A dose-finding study of aspirin for chemoprevention utilizing rectal mucosal prostaglandin E2levels as a biomarker

Dory Sample, Michael Wargovich, Susan M. Fischer, Nikil Inamdar, Peter Schwartz, Xuemei Wang, Kim Anh Do, Frank A. Sinicrope

Research output: Contribution to journalArticlepeer-review

48 Scopus citations


Epidemiological and experimental evidence indicates that aspirin can protect against colorectal cancer. Aspirin inhibits cyclooxygenase enzymes and blocks prostaglandin (PG) biosynthesis. Using rectal PGE2levels as a mucosal biomarker, we sought to determine the optimal aspirin dose that would significantly suppress PGE2levels for chemoprevention trials. We conducted a randomized, double-blinded study in 60 subjects with prior sporadic colorectal adenoma(s) and evaluated three aspirin doses (81, 325, and 650 mg) or placebo taken daily for 4 weeks. PGE2levels in rectal biopsies performed at baseline and week 4 were analyzed by competitive immunoassay. Plasma salicylate levels, pill counts, and subject calendars were used to assess compliance. The 81-mg aspirin dose significantly suppressed PGE2levels relative to placebo (P = 0.005) and did so to an equivalent extent as did higher doses (P > 0.4) in evaluable subjects (n = 55) over a 4-week treatment period. Serum salicylate levels were associated with aspirin dose (P = 0.0002). Pill counts and calendars indicated that >98% of doses were taken by all subjects. No adverse events occurred in this short-term study. The 81-mg daily aspirin dose suppressed PGE2levels to an equivalent extent as did the 650-mg dose and supports the use of this dose for chemoprevention trials.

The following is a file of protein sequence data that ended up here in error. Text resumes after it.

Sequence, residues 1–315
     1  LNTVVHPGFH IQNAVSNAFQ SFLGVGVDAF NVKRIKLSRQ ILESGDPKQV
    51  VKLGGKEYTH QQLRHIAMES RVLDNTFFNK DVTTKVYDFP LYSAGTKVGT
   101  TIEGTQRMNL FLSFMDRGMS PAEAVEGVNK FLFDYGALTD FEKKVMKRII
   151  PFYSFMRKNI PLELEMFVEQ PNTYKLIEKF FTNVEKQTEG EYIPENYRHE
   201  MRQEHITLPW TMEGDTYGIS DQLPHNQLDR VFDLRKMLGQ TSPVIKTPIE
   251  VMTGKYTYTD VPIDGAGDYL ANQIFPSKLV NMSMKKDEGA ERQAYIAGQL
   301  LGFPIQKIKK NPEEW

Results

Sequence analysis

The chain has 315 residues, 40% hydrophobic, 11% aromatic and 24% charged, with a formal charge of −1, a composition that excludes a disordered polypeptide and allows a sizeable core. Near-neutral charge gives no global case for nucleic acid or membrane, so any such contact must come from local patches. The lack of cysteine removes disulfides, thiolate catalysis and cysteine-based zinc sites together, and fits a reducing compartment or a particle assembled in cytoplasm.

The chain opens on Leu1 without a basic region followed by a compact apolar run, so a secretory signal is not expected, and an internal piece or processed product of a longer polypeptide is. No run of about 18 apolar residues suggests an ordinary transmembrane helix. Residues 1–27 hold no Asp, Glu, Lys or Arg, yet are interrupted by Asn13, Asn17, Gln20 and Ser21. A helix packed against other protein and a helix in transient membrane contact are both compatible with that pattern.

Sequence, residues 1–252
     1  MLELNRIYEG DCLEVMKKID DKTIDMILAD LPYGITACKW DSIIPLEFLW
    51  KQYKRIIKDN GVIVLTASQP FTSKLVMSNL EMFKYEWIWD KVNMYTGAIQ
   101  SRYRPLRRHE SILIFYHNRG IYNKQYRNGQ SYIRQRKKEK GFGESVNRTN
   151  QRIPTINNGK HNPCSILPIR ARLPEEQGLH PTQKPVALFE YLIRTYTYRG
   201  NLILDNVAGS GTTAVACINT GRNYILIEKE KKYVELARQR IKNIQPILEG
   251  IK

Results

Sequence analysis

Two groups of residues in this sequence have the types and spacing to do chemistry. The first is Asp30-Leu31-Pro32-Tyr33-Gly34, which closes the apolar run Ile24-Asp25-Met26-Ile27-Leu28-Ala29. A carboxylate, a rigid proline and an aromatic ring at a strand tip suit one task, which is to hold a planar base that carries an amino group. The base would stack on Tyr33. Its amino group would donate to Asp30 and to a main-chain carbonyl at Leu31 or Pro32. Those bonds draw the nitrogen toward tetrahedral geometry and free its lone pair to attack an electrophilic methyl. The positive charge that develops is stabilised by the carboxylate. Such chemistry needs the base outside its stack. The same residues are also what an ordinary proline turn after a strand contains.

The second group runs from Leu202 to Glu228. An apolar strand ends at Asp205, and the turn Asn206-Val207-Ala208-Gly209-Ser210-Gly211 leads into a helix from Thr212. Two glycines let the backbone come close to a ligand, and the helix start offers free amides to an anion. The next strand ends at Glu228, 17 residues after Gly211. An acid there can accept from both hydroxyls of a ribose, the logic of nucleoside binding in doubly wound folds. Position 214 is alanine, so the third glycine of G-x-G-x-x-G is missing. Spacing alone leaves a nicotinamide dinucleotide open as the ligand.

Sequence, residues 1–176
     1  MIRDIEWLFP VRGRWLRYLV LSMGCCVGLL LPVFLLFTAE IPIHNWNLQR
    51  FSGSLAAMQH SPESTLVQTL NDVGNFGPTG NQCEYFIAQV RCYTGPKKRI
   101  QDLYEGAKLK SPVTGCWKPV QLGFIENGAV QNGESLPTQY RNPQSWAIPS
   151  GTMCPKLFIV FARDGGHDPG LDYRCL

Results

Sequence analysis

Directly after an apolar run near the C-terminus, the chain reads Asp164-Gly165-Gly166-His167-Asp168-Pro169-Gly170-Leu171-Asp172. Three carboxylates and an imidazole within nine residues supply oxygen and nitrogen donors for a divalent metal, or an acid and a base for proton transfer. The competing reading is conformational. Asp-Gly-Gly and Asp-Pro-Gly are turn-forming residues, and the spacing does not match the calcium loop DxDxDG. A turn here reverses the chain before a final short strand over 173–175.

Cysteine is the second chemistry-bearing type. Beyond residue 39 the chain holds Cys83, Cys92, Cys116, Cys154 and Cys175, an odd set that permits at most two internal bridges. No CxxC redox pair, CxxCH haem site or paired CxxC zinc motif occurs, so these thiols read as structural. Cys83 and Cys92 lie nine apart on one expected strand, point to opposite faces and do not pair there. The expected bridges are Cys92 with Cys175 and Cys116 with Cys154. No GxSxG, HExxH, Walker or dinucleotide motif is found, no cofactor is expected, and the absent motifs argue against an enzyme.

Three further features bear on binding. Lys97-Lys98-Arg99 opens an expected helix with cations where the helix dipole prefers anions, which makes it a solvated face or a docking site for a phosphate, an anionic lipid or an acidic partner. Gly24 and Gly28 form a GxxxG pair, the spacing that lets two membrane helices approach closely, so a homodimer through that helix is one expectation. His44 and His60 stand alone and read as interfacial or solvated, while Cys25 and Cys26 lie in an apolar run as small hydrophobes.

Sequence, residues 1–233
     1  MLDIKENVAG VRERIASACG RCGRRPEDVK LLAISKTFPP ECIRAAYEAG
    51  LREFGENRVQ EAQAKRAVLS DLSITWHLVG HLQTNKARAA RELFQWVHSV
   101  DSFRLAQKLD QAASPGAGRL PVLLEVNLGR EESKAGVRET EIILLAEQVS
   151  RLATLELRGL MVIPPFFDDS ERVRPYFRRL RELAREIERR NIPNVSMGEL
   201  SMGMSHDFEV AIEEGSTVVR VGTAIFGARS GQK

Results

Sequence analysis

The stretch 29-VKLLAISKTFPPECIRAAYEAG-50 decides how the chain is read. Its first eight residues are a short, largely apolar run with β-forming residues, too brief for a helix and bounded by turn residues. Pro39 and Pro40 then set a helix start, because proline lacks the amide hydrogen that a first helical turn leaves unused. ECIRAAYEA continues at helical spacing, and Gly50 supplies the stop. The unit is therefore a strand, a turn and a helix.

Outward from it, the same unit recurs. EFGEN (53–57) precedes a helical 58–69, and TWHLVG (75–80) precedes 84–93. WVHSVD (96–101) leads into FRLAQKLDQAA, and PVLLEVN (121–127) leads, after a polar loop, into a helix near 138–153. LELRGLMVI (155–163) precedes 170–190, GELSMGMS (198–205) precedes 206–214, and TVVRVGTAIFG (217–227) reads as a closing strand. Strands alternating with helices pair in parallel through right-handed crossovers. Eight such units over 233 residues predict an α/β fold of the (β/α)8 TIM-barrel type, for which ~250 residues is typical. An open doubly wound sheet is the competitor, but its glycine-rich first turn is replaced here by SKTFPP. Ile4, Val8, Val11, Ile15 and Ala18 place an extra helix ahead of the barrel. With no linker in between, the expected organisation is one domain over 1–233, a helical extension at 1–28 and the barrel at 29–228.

Original languageEnglish (US)
Pages (from-to)275-279
Number of pages5
JournalCancer Epidemiology Biomarkers and Prevention
Issue number3
StatePublished - 2002

ASJC Scopus subject areas

  • Epidemiology
  • Oncology


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